One of Kenya’s biggest logistics companies, Mitchell Cotts, last year decided to expand their air cargo facilities at Nairobi’s Jomo Kenyatta International Airport.
A brand new terminal has been commissioned and the first stage is expected to be officially opened in September of next year.
The demand for perishable exports continues
The Mombasa-based Mitchell Cotts Kenya Group has been trading in the East African country since 1995. The air freight division is headquartered at NBO Airport whereas the land and sea freight activities are controlled through the Mombasa offices.
Services offered for the land, sea and air freight sectors range from Customs Brokerage, Trucking, Warehousing - to Packaging, Distribution and Transit Facilities.
The first building which will be opened in May has a total of 9,000 square metres and will be mainly dedicated to the handling of perishables and some dry cargo. This building is the first one within the planned 80,000 ton facility which will eventually come into operation if all goes as planned.
Mitchell Costs are working together with ACUNIS, a joint venture company of Germany’s Unitechnik and AMOVA, two companies who specialize in planning and providing logistics solutions for companies around the world. All three are looking at a total expansion of around 150,000 tons per annum in the future.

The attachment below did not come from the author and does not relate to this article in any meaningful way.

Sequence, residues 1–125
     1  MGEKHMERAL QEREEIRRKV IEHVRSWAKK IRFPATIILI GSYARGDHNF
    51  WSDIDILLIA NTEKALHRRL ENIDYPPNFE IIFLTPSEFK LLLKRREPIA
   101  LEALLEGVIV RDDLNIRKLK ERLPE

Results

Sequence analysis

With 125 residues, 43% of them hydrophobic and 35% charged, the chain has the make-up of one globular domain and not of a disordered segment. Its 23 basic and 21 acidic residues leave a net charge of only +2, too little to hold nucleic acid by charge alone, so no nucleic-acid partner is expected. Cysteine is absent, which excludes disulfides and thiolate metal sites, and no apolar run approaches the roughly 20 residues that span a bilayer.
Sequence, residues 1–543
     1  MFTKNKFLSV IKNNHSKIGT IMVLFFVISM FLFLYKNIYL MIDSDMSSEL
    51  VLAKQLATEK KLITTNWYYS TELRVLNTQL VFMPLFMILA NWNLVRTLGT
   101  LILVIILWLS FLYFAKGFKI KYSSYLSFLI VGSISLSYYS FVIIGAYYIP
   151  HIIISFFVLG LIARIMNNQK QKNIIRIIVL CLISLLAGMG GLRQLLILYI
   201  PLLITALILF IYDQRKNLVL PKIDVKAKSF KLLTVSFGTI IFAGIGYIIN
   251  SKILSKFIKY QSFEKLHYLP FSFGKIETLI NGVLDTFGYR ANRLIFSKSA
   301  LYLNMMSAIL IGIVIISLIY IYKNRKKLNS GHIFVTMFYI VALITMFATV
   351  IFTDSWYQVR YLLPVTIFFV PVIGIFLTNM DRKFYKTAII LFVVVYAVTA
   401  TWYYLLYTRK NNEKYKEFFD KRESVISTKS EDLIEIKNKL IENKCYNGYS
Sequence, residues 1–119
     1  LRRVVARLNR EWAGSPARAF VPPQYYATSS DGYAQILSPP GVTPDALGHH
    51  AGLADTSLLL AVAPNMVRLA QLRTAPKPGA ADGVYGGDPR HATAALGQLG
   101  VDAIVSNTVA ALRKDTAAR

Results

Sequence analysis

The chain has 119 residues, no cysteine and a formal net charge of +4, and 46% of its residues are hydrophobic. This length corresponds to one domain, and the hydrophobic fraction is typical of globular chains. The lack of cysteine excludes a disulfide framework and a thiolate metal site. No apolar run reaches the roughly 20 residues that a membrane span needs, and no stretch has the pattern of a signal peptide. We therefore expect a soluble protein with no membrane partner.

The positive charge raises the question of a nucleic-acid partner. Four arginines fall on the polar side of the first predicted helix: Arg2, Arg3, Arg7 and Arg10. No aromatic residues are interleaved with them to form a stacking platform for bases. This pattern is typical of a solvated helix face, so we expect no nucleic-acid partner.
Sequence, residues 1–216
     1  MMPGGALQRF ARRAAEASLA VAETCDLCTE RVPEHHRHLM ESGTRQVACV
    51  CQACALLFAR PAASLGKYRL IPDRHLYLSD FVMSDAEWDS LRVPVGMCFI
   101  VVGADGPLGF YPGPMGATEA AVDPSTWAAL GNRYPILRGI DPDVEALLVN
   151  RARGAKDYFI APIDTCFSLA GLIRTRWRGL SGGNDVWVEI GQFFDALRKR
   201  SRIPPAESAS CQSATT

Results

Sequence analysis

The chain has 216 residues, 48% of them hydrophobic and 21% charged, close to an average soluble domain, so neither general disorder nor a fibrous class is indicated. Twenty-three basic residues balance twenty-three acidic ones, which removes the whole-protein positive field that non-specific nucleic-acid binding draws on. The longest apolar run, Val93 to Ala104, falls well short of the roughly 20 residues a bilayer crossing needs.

There is not so much space to maneuver at NBO’s freight area and therefore planning for the new facility was somewhat complicated. Apparently, a solution has been found whereby the facility is divided into two separate storage areas with almost identical layouts. One is for perishables and the other for normal goods. Each will have a so-called high-bay store (HBS) which can store 15ft air freight ULDs and which will be served by two elevating transfer vehicles (ETV) which can retrieve units which are stored up to 10 metres above ground. A Euro pallet store and a bulky goods section are also included.
Kenya Airways continues cost-cutting process
Although the perishable exports continue unabated out of Kenya, the country’s national carrier, Kenya Airways is facing quite some headwind. Costs are too high and KQ has just completed another “sale-leaseback” of two of their short haul Boeing 737 passenger aircraft.
It’s not an easy period for Kenya Airways’ freight section either. The carrier’s main sector is the Nairobi to London stretch, and here cargo revenues have been affected by the weak pound sterling since the UK’s decision to pull out of the European Union. The sector NBO/LHR is most affected whereby Kenyan shippers who receive payment in sterling have been faced with something between a 15%-17% decline in the pound sterling value against the Kenyan shilling.
Kenya Airways Cargo management recently reported that they’d agreed to cushion the effect somewhat by reducing northbound air freight rates in order to help shippers recoup some of the losses.
It remains to be seen as to whether KQ Cargo can continue this practice if the pound falls further.
John Mc Donagh